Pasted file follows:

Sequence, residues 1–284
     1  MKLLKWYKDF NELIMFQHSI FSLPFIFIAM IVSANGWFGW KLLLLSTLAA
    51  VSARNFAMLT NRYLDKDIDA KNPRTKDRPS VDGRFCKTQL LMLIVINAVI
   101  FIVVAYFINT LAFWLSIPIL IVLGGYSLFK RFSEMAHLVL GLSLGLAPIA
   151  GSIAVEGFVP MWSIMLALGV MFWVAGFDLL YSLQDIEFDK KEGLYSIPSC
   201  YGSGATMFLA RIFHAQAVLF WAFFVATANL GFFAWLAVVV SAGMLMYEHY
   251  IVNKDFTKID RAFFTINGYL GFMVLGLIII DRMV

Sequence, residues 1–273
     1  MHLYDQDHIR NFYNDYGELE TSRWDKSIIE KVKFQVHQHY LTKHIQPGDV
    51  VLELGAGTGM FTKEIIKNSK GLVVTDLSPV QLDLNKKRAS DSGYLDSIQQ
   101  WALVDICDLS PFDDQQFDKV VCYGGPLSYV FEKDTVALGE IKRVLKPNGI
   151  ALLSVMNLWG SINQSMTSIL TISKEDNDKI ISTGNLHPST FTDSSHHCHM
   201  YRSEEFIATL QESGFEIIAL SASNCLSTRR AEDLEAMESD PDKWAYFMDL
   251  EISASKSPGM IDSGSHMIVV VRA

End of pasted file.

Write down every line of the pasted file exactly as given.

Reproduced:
Sequence, residues 1–284
     1  MKLLKWYKDF NELIMFQHSI FSLPFIFIAM IVSANGWFGW KLLLLSTLAA
    51  VSARNFAMLT NRYLDKDIDA KNPRTKDRPS VDGRFCKTQL LMLIVINAVI
   101  FIVVAYFINT LAFWLSIPIL IVLGGYSLFK RFSEMAHLVL GLSLGLAPIA
   151  GSIAVEGFVP MWSIMLALGV MFWVAGFDLL YSLQDIEFDK KEGLYSIPSC
   201  YGSGATMFLA RIFHAQAVLF WAFFVATANL GFFAWLAVVV SAGMLMYEHY
   251  IVNKDFTKID RAFFTINGYL GFMVLGLIII DRMV

Sequence, residues 1–273
     1  MHLYDQDHIR NFYNDYGELE TSRWDKSIIE KVKFQVHQHY LTKHIQPGDV
    51  VLELGAGTGM FTKEIIKNSK GLVVTDLSPV QLDLNKKRAS DSGYLDSIQQ
   101  WALVDICDLS PFDDQQFDKV VCYGGPLSYV FEKDTVALGE IKRVLKPNGI
   151  ALLSVMNLWG SINQSMTSIL TISKEDNDKI ISTGNLHPST FTDSSHHCHM
   201  YRSEEFIATL QESGFEIIAL SASNCLSTRR AEDLEAMESD PDKWAYFMDL
   251  EISASKSPGM IDSGSHMIVV VRA